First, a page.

The Department of Geography would like to extend a big congratulations to Dr. Sarah Elwood and Dr. Vicky Lawson for being awarded a five year (2013-2018), $500,000 Research Coordination Network Grant from the NSF! They have been awarded the grant to develop a collaborative network of researchers from around the world whose members will generate conceptual and methodological innovations in poverty research. The Relational Poverty Network (RPN) will extend mainstream poverty research with a relational conceptualization of poverty–an approach which holds great promise for innovative poverty policy, but also significant conceptual and methodological challenges for achievement.
Sarah and Vicky will develop the RPN through a series of annual workshops and ongoing activities, through which participants will produce new ways of operationalizing relational poverty concepts, create resources to support robust mixed-methods research and ‘many sites to many sites’ comparison, and catalyze dialogue across mainstream and relational poverty research scholars. Network members will also create and share publically available educational materials for teaching about relational poverty approaches in multiple disciplinary contexts.
The members in attendance at the first meeting of the RPN in Argentina.
Over the past few years Sarah and Vicky have built a core group of 60 social scientists at 30 institutions, including human geographers, sociologists, political scientists, historians, economists, anthropologists, and philosophers from the U.S., Argentina, South Africa, India, Canada, and Thailand. Going forward the RPN will expand from this core group. According to Sarah and Vicky: “This grant comes after a long sustained effort of proposal submission, revision, and re-submission to various funders–we are extremely grateful for the many ways that Geography faculty, staff, and graduate students have helped in this process.” Congrats to both!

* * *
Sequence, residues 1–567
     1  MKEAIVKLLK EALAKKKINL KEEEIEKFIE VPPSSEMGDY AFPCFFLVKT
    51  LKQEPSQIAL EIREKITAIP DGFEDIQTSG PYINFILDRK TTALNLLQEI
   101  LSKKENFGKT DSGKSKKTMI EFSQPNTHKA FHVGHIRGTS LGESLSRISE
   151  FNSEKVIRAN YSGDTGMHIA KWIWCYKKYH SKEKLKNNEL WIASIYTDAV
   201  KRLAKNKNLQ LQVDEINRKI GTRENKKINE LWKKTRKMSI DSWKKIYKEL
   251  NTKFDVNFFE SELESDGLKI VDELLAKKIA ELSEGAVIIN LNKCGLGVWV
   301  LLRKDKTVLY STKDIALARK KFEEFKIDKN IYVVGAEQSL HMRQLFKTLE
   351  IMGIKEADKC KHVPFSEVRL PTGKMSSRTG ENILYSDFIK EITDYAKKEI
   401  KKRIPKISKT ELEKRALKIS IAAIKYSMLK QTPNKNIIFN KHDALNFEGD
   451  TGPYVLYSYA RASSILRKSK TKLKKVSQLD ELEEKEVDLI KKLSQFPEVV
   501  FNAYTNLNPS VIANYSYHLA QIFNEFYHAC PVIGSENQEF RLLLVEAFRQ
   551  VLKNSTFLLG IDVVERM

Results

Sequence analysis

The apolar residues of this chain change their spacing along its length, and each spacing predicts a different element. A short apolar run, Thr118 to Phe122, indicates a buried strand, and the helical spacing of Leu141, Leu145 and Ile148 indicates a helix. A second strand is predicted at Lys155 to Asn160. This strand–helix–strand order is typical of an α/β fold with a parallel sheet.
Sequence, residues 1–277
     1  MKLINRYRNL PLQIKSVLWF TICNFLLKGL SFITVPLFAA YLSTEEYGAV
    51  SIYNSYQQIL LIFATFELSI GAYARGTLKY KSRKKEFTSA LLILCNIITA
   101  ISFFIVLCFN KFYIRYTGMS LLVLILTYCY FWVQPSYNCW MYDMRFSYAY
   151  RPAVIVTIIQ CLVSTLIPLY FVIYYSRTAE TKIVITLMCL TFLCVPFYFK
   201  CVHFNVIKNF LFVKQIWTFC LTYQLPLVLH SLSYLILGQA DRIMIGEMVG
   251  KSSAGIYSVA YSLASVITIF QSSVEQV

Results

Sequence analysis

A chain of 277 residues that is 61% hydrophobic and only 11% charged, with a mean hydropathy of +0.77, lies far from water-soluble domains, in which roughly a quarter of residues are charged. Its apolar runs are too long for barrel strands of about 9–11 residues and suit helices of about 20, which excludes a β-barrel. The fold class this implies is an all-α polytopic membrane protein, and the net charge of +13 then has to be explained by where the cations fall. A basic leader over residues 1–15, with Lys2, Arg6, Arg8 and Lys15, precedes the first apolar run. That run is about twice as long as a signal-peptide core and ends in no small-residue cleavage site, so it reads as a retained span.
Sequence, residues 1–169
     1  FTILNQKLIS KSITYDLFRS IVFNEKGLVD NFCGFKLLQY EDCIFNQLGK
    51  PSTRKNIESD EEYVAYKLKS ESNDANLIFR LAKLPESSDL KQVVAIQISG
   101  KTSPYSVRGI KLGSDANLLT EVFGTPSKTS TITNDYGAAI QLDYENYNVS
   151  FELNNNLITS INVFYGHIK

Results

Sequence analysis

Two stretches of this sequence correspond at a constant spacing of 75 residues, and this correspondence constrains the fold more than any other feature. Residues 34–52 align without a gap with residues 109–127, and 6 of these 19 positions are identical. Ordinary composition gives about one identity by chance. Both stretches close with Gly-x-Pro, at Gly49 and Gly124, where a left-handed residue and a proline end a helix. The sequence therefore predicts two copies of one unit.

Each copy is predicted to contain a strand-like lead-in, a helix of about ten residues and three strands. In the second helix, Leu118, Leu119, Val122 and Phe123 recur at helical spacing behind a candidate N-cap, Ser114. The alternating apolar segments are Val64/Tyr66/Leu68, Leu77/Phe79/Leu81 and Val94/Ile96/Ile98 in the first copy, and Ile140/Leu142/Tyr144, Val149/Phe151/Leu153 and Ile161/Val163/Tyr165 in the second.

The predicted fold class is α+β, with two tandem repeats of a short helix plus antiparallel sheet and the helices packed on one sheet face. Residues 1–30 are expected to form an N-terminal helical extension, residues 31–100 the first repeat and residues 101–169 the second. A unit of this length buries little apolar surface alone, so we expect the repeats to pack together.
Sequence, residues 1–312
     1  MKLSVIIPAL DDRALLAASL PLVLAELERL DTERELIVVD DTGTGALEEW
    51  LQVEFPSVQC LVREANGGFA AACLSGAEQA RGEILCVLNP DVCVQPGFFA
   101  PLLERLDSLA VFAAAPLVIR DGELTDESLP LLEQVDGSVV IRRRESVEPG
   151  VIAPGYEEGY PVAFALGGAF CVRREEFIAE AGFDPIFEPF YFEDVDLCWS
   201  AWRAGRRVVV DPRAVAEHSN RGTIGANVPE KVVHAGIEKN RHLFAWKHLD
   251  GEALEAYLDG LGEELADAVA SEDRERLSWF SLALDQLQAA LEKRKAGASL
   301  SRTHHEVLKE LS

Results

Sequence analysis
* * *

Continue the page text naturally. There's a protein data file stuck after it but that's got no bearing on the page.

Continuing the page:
To find out more about the two faculty members’ work, check out their websites! Find Sarah’s here and Vicky’s here.
Our own Joe Eckert helped found SoMe Lab in collaboration with two other students from the iSchool (Jeff Hemsley and Shawn Walker). SoMe Lab is a social media laboratory at the University of Washington. They’re building data collection and analysis services for “big” social media data. Their ideas and work were used as the core of a successful NSF grant proposal (INSPIRE) for $997,000. Congratulations to Joe and the rest of the SoMe Lab team!
(map image is raw counts of geolocated Occupy-related tweet data from Oct. 19 – Dec. 31 2011)
You can read more about the lab here: somelab.net
You can read the NSF grant here: http://www.nsf.gov/awardsearch/showAward.do?AwardNumber=1243170
And read the iSchool’s announcement here: http://ischool.uw.edu/feature/uw-information-school-awarded-997k-social-media-research
Congratulations to undergraduates Alexandria Ferguson and Christine Woodward for winning UW Library Research Award prizes.
Christine Woodward (Geography & Latin American Studies)
Faculty Advisor: Jose Antonio Lucero, Jackson School of International Studies
Senior Thesis: Viva a Revolução/Sent from my iPhone: Politics, culture, and the Fora PM movement
Alexandria Ferguson (International Studies)
Faculty Advisor: Tish Lopez, Geography
White Demon Sophistry: the Gates Foundation’s Control over the Production of Knowledge of Women of the Global South